Tuesday, 9 December 2014

A weekend in Verona

A week ago, I visited Verona. I recommend it wholeheartedly, and not just because you can wander round the city humming "M- m- m- my Verona" to the tune of The Knack's My Sharona.

Verona has a big arch. So far, so St Louis, you may say. However, unlike St Louis, Verona was the setting for Romeo and Juliet. 

It's also home to a stone amphitheatre that was built in the first century and is still in use today. In summer, this arena hosts opera concerts. As the audience members arrive, each of them is given a candle. When the sun sets, the performances are lit exclusively by the flickering flames of the spectators. I'm not an opera fan, but friends who've been tell me these are magical events.

Verona's Piazza Bra

The arena is in the heart of the old town, which is architecturally stunning. Statues are dotted around charming cobbled streets and one photogenic piazza runs into another. A few streets away, the river Adige weaves its way through the city, topped with impressive bridges.

The Ponte Scaligero

Star-crossed lovers

In truth, the Shakespearean connection with the city is rather overdone. Visitors can pay a few euros to see the houses of Juliet and Romeo. However, it's hard to find meaning in the home of a fictional character – particularly given that Shakespeare never visited the city and his Capulet and Montague houses weren't based on these buildings.

Instead, I recommend just visiting the garden of Juliet's house, which is free. After you've been, you can put the money you could have spent on going inside toward something more useful. Like alcohol.

Juliet's garden, featuring her famous balcony and (at the back if you enlarge the photo) her statue

In Juliet's garden, you can stick a love note on the wall (alongside hundreds of others), take a photo of her famous balcony and have a picture taken touching her breast.

I should probably explain the breast thing...

In the garden, there's a bronze statue of Juliet. It's said that touching the right breast of the statue brings luck in love. If I was cynical (and I am), I'd guess this might be a marketing gimmick by the people who own the house rather than a legend that's grown up organically. Whatever the source of the rumour, there's a constant queue of people waiting to have a grope – and as a result, her right side gleams brightly from all the greasy hands that have touched it, while the rest of the statue is a standard dirty bronze.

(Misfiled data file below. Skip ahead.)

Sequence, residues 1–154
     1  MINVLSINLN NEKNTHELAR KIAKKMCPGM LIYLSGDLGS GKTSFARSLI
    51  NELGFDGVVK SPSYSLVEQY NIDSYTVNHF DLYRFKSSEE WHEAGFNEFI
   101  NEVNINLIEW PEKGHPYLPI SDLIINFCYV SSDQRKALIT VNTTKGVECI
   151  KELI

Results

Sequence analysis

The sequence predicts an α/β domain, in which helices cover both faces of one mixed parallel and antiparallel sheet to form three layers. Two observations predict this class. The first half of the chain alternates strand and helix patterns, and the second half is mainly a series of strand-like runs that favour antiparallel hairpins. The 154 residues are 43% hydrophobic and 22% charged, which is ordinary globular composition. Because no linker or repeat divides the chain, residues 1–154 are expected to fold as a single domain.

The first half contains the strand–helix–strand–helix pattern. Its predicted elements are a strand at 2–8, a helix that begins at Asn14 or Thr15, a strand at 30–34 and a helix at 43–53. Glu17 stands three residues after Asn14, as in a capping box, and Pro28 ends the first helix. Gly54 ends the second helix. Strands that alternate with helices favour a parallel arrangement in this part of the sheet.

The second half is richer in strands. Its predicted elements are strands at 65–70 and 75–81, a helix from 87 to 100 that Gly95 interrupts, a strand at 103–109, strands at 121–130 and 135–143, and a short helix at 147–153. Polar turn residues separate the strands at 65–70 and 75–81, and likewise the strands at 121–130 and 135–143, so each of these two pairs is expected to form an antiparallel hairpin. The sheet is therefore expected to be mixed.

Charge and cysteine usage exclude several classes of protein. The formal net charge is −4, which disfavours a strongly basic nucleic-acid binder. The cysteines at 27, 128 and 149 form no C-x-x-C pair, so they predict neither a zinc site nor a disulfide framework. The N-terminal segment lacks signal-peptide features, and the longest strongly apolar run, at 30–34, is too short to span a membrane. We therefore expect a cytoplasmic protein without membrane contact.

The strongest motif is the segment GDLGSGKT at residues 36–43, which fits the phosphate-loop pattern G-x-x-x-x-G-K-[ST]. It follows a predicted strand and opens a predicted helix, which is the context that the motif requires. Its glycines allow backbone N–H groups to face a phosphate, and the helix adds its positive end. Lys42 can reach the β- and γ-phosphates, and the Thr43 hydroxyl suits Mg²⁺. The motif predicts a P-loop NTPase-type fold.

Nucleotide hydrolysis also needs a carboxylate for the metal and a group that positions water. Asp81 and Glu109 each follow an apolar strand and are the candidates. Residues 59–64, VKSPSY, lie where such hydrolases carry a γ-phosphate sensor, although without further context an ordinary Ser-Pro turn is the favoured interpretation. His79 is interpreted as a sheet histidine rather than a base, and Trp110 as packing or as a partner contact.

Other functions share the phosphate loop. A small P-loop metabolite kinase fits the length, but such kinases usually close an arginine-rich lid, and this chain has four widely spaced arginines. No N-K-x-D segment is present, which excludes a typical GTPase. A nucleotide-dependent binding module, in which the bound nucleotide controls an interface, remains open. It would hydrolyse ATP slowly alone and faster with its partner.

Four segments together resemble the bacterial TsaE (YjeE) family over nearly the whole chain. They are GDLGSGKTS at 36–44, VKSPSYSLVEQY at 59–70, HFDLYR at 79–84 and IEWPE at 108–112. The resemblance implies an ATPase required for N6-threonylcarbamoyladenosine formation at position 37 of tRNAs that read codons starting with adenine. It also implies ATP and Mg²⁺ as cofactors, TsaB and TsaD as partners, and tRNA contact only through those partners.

If you want to cop a feel, you should probably bring some hand sanitiser...

Fair Verona

Aside from bacteria-coated breasts, Verona is a genuine treat. Aesthetically, it's on a par with Florence but has fewer tourists. Also, it's located directly between Milan and Venice. If you're going from one to the other, it makes sense to stop for a day or two.

The city was gearing up for Christmas when we visited, so each piazza had a tree decked with baubles, and there was a festive market flogging mulled wine, reindeer hats and German biscuits.

Energetic visitors can cross the river and climb a hill to watch the sun set over city's spires. Even on the foggy evening that Ms Ciao and I did this, it was worth it. Although Verona isn't huge, there's easily enough to keep you occupied for a weekend. I simply can't recommend it enough.

Verona, on a poor day with a poor camera. Just imagine the summer sunsets...

A Turinese tribute 

The following weekend, we visited Torino (where we hummed "All the Way, Torino" to the tune of REM's All the Way to Reno). It was a much less memorable place, but we chanced across a free gig featuring local tribute bands for the Foo Fighters and the Smashing Pumpkins. (As you may have noticed, Ms Ciao and I like free things).

If you're in town and you like the Foos, keep an eye out for gigs by The Fresh Fighters. You won't be disappointed...

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Attribution: Juliet's garden photo by Dominic Schwöbel (Own work) [GFDL (http://www.gnu.org/copyleft/fdl.html), CC-BY-SA-3.0 (http://creativecommons.org/licenses/by-sa/3.0/) or CC-BY-SA-2.5-2.0-1.0 (http://creativecommons.org/licenses/by-sa/2.5-2.0-1.0)], via Wikimedia Commons

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